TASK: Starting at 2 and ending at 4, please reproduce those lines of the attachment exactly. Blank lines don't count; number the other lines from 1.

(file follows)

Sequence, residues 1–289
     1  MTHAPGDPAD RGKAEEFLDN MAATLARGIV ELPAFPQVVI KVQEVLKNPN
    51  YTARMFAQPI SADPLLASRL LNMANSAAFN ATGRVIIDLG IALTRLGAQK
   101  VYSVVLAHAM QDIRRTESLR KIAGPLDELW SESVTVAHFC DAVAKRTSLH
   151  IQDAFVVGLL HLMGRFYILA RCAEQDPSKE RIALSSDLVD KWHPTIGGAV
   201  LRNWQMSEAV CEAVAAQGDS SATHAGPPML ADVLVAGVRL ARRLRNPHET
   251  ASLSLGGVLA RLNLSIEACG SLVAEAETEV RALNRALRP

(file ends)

     1  MTHAPGDPAD RGKAEEFLDN MAATLARGIV ELPAFPQVVI KVQEVLKNPN
    51  YTARMFAQPI SADPLLASRL LNMANSAAFN ATGRVIIDLG IALTRLGAQK
   101  VYSVVLAHAM QDIRRTESLR KIAGPLDELW SESVTVAHFC DAVAKRTSLH